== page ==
As Alleman wandered LA’s wide, weird precincts, he had been concerned with certain crucial questions: What does it truly look like here, and why don’t the pictures that we show the world resemble the City he walks in every day? What is the meaning or value of history and authenticity in this transient environment, and what does the “authenticity” we fabricate say about us? What are the hidden codes and messages that are borne in the architecture and arrangement of the built environment? Finally, and above all else: what is his personal, alternate vision of the hackneyed local mythos? Alleman believes this body of work begins to address all those questions, and answers the last one with some conviction: these photographs from “Sunshine and Noir”, using techniques under-explored elsewhere, is a cast-eyed and meandering tone-poem about public space in the last Great American City.
Come see the magic of Alleman’s pictures and all the images of the winners of this year’s plastic camera competition and experience nostalgia on more than one level. You can fall in love with Holga and Diana* and a world of other lo-tech cameras, like my new favorite, the Sprocket Rocket.
*The Holga and the Diana are plastic medium format cameras that have limited controls, a fixed focal length lens, and, luckily for artists everywhere, each one is unique…
RayKo Photo Center & Gallery is a comprehensive photographic facility, located near the Yerba Buena Arts District, with resources for anyone with a passion for photography. Established in the early 1990’s, RayKo Photo Center has grown to become one of San Francisco’s most beloved photography darkroom spaces; it includes traditional b&w and color labs as well as a state-of-the-art digital department, a professional rental studio, galleries, and the Photographer’s Marketplace – a retail space promoting the work of regional artists. RayKo also has San Francisco’s 1st Art*O*Mat vending machine and a vintage 1947 black & white Auto-Photo Booth.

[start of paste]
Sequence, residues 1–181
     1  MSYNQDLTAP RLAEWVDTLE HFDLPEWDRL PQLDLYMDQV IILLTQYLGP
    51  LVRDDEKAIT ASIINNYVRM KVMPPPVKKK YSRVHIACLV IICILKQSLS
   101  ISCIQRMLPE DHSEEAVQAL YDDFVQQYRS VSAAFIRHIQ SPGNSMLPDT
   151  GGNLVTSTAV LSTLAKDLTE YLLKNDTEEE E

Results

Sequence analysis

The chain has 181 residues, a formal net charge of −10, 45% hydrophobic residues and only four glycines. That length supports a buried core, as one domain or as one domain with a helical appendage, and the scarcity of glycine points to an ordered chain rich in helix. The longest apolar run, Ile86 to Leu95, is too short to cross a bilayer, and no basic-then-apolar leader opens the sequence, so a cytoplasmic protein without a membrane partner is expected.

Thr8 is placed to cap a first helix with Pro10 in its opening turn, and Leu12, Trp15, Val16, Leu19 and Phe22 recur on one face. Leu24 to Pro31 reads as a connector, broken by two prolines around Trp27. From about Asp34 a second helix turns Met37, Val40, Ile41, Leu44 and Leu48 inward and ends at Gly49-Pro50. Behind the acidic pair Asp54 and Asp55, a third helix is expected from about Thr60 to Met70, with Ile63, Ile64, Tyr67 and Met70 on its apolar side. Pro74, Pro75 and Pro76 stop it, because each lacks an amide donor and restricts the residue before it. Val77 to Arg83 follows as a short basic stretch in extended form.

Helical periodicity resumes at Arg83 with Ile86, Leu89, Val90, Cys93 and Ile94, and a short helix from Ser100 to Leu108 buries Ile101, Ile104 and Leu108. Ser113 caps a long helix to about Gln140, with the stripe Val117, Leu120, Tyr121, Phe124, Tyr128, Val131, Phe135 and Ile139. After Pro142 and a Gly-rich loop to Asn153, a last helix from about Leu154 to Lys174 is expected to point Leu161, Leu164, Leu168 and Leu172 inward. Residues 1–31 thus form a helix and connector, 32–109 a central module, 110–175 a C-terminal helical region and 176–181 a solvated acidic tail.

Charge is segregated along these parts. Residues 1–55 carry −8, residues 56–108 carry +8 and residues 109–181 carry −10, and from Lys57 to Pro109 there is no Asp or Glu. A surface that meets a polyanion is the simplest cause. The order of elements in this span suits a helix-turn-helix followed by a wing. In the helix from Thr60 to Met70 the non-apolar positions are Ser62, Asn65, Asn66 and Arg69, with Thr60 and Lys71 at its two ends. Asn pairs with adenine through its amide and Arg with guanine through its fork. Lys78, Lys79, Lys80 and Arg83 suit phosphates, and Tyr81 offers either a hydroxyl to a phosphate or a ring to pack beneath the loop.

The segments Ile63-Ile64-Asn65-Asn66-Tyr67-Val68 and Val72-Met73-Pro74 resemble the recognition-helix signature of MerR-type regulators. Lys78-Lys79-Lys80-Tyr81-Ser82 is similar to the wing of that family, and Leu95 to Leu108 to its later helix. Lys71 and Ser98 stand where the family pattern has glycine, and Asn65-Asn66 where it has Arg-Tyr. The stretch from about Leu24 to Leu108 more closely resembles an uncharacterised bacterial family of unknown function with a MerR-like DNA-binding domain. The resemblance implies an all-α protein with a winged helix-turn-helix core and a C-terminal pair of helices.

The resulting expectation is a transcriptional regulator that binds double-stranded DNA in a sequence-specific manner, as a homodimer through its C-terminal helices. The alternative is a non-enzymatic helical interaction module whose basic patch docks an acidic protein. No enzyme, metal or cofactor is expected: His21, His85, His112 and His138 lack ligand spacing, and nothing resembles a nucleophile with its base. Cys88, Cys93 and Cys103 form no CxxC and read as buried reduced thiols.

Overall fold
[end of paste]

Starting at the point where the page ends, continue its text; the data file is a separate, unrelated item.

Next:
RayKo Gallery serves to advance public appreciate of photography and create opportunities for regional and national artists to create and present their work. RayKo Gallery offers 1600 square feet of exhibition space and the Photographer’s Marketplace, which supports the work of Bay Area artists, and encourages the collection of artwork by making it accessible to collectors of all levels. The Photographer’s Marketplace offers photography collectors unique and affordable work from artists living and working in the surrounding area.
RayKo Photo Center & Gallery
428 Third Street
San Francisco, CA 94107
Tuesday-Thursday: 10-10 pm
Friday-Sunday: 10-8 pm
*RayKo is located in the SOMA arts district of San Francisco within walking distance of SFMOMA, the Moscone Center, Yerba Buena Gardens, as well as AT&T Ballpark.